IBS or Irritable Bowel Syndrome is one of the most common disorders seen by nutritionists. Women are twice as likely to suffer from this condition. In IBS, the normally rhythmic contractions of the digestive tract become irregular. This interferes with the normal movement of food and wastes, which in terns leads to accumulation of mucus and toxins in the intestine. The accumulation creates an obstruction in the digestive tract, trapping gas and wastes which leads to bloating, distension, pain and constipation. IBS can affect the entire digestive system, from the mouth through the colon.
Symptoms of IBS usually include abdominal pain, bloating, constipation and/or diarrhoea, excess gas, mucus in stools and various food intolerances. Pain is often triggered by eating in general. As a result of IBS food and nutrients are often not absorbed properly. IBS is painful, however, it is not life threatening. Most people who have it can lead normal lives once they change their diet and replace deficient nutrients.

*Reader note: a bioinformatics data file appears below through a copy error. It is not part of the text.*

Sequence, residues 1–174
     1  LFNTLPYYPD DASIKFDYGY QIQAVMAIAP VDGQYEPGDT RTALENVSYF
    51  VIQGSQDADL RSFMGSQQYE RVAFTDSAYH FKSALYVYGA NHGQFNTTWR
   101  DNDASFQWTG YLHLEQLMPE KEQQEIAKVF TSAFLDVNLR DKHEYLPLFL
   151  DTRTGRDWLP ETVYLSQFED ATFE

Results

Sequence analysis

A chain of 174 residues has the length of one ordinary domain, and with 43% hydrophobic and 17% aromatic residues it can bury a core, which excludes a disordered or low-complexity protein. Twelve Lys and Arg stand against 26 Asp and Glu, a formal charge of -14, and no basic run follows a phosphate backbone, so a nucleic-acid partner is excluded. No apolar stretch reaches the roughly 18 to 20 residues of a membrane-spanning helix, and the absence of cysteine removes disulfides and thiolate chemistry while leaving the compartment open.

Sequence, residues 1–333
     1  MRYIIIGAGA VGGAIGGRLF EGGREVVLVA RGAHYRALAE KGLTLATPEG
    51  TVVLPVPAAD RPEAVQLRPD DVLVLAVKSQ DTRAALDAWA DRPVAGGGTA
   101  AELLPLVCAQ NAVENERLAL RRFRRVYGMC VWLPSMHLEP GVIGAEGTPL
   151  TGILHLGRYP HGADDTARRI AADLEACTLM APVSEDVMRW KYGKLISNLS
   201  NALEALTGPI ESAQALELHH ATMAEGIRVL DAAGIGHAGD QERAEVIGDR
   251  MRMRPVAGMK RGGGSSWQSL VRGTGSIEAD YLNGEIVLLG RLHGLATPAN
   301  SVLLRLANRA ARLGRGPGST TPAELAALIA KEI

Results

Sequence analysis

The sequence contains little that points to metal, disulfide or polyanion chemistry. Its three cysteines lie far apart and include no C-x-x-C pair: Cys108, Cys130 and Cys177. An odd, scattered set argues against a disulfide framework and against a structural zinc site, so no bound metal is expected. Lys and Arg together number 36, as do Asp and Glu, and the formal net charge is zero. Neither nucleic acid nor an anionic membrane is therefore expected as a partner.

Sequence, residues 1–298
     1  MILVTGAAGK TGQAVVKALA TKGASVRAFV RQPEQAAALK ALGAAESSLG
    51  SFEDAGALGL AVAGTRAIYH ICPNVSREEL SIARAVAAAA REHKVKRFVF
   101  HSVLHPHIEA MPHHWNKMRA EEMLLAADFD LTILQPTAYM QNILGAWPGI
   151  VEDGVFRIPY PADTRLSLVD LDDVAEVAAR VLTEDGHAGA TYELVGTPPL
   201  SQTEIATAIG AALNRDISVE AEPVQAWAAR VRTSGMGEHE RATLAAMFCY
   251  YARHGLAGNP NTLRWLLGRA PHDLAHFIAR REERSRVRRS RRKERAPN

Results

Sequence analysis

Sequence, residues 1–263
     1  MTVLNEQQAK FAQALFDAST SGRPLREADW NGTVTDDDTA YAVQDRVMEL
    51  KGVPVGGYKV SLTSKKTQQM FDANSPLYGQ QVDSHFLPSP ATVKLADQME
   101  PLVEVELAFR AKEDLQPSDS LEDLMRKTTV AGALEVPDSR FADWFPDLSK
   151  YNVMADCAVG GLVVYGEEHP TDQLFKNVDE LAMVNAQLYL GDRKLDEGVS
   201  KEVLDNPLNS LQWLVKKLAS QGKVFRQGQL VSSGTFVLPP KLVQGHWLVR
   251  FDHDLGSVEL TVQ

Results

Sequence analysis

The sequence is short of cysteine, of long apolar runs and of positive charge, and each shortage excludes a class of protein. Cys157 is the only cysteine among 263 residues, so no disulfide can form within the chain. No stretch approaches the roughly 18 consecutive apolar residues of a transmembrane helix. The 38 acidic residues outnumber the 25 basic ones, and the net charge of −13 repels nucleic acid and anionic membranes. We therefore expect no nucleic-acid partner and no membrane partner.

The IBS diet meal plan must consist on average 30% more dietary protein than normal, as well as significantly an increased intake of minerals and trace elements, which can quickly be depleted by irregular stools, particularly diarrhoea.